For individuals with anxiety disorders, CBT helps them recognize and manage irrational fears and worries. In the case of PTSD, CBT assists in processing traumatic experiences and reducing the associated symptoms. Moreover, for those struggling with eating disorders, CBT targets distorted body image and unhealthy eating habits, promoting healthier thoughts and behaviors around food and self-image. CBT aims to treat depression by addressing the distorted thought patterns and negative beliefs that underlie the condition.

CBT has also been found to be an effective treatment for many patients with dual diagnosis or those who have both a mental illness and a substance abuse problem. Studies have shown that CBT can help patients with dual diagnoses reduce their symptoms and improve their quality of life.

If you are seeking treatment for substance use disorders and mental illness such as generalized anxiety disorder, it is important to find a therapist who is experienced in treating both conditions. CBT is a well-established treatment for mental disorders, and many mental health counselors are trained in this type of therapy.

However, not all cognitive behavioral therapists are experienced in treating both mental disorders and substance use disorders. If you are seeking CBT for dual diagnosis treatment, be sure to ask your therapist if they have experience treating both conditions.

cognitive behavioral therapy for man suffering from posttraumatic stress disorder

Cognitive Behavioral Therapy for Relapse Prevention

One encompassing benefit of cognitive therapy in the treatment of substance use disorders is the emphasis on long-term maintenance. People with SUDs are often susceptible to relapse and in worse cases, this relapse results in chronic pain. Therapists teach patients a new set of attitudes and skills they can rely on for the long-term. This not only improves the patient’s sense of self-sufficiency but can lead to a reduction in life stressors that might increase the risk of a relapse.

Cognitive Behavioral Therapy was developed as a way to prevent relapse when treating alcohol use disorder (AUD). It was later adapted for treating cocaine addiction. One of the elements of CBT is anticipating problems and improving patients’ self-control by helping them establish effective coping strategies.

Specific CBT techniques include looking at the positive and negative consequences of drug use, self-monitoring to recognize cravings early, and identifying situations that might trigger use. Patients learn to develop strategies for dealing with cravings and avoiding high-risk situations.

Research shows that skills learned through cognitive behavioral approach remain after completing treatment. Current research is looking at how to produce even more powerful effects by combining CBT techniques with medications for drug abuse and with other types of behavioral therapies. A computer-based CBT system has been developed and is effective in helping reduce drug use after standard drug abuse treatment.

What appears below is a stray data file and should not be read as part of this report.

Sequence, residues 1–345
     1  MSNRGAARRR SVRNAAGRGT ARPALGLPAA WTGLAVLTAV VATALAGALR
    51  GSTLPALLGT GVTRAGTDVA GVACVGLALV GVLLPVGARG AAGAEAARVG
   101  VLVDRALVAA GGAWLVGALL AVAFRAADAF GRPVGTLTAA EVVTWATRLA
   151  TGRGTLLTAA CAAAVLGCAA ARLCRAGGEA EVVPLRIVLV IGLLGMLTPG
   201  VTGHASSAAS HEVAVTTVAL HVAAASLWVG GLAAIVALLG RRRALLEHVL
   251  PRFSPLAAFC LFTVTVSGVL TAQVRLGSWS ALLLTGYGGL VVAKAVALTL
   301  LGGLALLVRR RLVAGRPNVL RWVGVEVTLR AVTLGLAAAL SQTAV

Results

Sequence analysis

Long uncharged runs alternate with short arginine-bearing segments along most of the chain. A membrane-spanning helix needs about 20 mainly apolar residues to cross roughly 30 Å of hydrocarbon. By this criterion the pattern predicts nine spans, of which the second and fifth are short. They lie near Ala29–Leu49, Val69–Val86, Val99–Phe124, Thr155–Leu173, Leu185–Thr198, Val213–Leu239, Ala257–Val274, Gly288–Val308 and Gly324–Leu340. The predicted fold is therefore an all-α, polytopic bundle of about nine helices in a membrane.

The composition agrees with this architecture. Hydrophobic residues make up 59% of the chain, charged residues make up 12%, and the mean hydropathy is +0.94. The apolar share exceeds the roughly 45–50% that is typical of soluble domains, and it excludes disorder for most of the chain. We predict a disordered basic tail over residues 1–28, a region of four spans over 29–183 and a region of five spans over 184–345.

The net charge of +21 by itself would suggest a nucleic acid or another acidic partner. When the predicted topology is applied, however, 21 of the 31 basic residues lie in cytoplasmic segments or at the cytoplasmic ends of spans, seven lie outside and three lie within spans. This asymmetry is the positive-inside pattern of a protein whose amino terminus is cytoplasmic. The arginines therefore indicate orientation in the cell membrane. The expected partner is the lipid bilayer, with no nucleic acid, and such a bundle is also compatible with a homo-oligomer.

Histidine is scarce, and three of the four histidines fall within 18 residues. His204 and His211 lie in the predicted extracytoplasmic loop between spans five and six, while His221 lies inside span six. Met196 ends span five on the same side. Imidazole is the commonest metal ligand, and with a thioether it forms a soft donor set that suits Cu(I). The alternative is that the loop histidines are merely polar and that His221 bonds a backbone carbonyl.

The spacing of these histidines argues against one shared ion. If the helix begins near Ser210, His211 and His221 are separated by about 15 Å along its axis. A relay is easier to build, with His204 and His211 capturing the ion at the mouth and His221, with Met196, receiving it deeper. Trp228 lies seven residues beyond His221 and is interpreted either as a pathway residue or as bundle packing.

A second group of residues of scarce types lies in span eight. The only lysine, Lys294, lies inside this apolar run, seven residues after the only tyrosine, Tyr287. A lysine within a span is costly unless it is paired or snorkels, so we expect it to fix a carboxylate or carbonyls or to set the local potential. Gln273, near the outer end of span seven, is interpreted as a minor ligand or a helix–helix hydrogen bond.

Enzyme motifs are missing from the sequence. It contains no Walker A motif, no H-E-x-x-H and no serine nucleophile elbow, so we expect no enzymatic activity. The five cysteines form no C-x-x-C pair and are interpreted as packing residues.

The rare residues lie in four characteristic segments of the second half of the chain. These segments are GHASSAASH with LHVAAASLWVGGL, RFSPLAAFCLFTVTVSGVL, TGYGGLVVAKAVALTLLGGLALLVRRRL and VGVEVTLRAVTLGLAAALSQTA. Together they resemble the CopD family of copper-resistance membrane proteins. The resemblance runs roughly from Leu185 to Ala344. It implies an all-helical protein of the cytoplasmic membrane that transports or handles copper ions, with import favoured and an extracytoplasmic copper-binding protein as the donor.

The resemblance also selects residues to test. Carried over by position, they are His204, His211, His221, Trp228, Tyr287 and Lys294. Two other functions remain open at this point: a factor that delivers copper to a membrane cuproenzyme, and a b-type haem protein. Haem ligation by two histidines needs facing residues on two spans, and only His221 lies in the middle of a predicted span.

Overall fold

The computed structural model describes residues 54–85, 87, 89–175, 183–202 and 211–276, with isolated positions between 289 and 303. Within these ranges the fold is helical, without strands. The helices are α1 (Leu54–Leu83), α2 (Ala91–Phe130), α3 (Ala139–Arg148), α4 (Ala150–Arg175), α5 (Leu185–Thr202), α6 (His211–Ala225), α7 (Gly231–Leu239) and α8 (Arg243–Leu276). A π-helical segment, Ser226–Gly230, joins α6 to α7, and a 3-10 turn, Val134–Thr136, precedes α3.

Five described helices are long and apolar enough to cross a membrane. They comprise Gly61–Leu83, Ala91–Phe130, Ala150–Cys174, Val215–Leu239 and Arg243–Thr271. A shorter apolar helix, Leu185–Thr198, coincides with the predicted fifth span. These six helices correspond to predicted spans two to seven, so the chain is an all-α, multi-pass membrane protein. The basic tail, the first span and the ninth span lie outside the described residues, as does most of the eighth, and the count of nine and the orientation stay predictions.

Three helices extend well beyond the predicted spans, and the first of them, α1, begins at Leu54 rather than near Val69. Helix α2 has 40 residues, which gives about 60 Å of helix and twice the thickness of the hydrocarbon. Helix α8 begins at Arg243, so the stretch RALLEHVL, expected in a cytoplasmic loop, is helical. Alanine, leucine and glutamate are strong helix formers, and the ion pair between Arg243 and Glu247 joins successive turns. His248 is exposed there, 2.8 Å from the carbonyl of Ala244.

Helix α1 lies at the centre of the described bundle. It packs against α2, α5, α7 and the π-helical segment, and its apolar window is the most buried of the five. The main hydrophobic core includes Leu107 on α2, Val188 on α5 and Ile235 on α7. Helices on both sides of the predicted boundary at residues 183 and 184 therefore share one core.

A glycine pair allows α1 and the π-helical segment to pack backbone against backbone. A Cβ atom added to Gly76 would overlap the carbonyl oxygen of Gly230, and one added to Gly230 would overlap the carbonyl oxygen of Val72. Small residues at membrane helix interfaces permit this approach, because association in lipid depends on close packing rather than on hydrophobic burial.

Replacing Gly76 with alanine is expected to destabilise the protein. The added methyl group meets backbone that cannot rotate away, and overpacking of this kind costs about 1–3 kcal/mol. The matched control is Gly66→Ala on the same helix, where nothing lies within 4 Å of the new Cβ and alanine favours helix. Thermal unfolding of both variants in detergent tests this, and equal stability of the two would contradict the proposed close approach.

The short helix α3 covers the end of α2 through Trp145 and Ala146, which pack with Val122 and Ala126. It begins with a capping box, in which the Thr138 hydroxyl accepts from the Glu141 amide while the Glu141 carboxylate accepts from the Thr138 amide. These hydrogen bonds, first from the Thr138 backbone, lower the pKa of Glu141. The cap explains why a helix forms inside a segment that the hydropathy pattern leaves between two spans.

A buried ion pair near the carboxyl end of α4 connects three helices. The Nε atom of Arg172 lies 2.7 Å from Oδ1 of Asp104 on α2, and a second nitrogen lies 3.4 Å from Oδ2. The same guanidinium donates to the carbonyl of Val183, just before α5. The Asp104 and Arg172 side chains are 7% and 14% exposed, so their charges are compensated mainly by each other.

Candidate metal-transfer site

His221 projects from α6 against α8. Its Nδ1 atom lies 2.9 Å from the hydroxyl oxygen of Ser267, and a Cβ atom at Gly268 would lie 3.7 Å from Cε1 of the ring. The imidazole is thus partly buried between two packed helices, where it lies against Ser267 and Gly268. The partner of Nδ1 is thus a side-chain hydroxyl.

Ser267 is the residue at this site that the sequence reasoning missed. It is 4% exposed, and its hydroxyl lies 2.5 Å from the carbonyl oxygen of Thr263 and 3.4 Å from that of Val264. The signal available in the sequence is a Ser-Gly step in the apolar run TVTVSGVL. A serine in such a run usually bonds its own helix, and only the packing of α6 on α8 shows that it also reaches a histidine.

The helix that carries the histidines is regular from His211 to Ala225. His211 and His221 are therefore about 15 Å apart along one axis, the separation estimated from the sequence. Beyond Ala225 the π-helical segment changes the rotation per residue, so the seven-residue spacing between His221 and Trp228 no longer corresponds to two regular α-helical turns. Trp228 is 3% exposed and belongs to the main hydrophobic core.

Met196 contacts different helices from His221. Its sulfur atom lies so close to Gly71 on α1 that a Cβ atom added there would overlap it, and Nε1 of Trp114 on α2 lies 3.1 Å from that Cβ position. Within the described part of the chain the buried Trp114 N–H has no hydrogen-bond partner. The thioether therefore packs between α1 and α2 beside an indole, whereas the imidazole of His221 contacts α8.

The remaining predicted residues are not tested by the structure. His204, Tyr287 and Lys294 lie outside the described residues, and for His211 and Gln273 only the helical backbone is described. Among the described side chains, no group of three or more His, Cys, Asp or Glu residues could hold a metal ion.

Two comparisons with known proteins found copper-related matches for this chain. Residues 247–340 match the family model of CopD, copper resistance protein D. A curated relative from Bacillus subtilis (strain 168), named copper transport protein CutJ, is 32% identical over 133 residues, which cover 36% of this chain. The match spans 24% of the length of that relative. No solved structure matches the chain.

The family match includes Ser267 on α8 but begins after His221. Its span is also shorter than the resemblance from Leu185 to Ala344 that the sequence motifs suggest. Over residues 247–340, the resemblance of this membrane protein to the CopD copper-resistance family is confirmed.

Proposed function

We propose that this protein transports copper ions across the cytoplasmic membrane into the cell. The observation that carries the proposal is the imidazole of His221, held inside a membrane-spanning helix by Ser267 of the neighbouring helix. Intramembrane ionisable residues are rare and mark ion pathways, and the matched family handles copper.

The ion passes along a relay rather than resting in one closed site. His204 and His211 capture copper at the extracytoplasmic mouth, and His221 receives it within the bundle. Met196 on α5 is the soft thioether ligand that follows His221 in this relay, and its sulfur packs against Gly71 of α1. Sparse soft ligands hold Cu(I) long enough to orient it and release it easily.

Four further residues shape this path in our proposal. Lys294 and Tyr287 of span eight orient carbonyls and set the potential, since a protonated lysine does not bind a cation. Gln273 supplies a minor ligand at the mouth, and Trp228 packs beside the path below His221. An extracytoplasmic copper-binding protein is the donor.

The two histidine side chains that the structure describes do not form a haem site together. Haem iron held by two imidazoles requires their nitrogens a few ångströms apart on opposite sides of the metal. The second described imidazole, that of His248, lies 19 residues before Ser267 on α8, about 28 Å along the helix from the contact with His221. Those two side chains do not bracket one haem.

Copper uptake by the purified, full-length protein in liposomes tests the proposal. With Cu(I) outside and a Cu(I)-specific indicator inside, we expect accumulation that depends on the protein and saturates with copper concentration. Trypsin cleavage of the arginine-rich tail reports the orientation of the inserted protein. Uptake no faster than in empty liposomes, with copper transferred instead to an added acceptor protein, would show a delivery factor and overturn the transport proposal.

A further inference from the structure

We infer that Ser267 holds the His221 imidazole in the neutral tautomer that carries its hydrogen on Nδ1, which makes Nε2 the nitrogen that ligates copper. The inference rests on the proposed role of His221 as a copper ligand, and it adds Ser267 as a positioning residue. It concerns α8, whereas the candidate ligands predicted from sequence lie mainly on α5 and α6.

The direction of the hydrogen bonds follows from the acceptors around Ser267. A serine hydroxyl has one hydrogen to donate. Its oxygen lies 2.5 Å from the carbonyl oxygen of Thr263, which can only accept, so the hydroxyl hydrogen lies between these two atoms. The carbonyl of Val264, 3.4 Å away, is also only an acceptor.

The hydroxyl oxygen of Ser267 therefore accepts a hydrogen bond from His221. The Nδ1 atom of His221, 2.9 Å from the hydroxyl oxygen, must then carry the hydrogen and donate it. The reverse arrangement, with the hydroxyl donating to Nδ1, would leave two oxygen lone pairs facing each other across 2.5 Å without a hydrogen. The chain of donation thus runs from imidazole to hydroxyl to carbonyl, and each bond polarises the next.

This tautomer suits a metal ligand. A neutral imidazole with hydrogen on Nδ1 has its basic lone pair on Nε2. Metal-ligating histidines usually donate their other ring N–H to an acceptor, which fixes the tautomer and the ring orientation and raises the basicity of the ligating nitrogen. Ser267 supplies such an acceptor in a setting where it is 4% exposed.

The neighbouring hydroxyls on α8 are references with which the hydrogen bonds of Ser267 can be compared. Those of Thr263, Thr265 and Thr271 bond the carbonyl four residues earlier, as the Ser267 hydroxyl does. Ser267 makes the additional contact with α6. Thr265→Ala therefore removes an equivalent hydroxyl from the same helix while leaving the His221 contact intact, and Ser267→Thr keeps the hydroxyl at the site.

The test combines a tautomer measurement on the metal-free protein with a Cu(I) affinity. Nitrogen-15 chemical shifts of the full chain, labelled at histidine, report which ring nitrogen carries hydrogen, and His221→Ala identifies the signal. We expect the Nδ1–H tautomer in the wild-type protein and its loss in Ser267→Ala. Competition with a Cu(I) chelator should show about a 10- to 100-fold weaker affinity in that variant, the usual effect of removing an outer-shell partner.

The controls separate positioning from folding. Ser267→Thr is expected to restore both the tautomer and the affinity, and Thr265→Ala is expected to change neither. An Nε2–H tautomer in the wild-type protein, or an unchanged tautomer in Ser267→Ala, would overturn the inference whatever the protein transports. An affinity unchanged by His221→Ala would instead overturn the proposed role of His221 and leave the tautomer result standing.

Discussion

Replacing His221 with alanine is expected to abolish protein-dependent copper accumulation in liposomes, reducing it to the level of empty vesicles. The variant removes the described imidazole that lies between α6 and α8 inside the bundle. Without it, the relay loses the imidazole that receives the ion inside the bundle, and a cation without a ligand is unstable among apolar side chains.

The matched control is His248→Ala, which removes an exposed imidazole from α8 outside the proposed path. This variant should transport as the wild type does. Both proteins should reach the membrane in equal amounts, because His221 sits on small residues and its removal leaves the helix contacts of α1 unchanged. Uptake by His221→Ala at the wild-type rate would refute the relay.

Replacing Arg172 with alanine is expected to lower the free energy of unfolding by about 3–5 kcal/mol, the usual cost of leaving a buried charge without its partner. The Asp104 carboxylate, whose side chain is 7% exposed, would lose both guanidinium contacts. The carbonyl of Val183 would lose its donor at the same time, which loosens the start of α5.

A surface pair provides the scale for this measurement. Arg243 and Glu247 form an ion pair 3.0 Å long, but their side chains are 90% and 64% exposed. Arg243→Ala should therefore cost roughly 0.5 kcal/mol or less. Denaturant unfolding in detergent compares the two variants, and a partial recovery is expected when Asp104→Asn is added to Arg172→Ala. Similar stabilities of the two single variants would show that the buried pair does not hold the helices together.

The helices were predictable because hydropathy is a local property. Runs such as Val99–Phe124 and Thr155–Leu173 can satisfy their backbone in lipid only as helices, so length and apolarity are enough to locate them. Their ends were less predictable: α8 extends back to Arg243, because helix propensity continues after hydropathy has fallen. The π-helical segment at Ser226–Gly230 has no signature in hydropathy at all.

Does Cognitive Behavioral Therapy Have Any Risks?

CBT is not considered a risky therapy, but there are some things to bear in mind:

  • Some people might find it stressful or uncomfortable to confront their problems, in some instances, they experience chronic pain and physical problems due to stress.
  • Some types, such as exposure and rational emotive behavior therapy, can increase stress and anxiety while you work through it.
  • CBT doesn’t work overnight. You must be willing and committed to working on techniques between sessions and after therapy ends. It is a change of lifestyle that you follow and improve upon through your life.
group therapy having cognitive behavioral interventions

Do You Want to Change Your Life?

If you or a loved one need help now please call 772-774-3872 or click here to use your insurance to pay for therapy. We have a professional, caring staff at our CBT and addiction treatment center in Port St. Lucie you can depend on to help you through this difficult time. You can learn to control your behaviors and come out on the other side with a new chance at a full and satisfying life.

At Behavioral Health Centers, we offer evidence-based approaches such as cognitive behavioral therapy and many others because you need a program designed specifically for you. Our facilities are located in Port Saint Lucie Florida, with amenities and activity therapies based on your needs.

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Medically reviewed by:

Dr. K. Dodge, PhD, MSPH, MSW

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If you have coverage of any kind from a major insurance provider, your treatment is likely covered. We promise to keep your information confidential.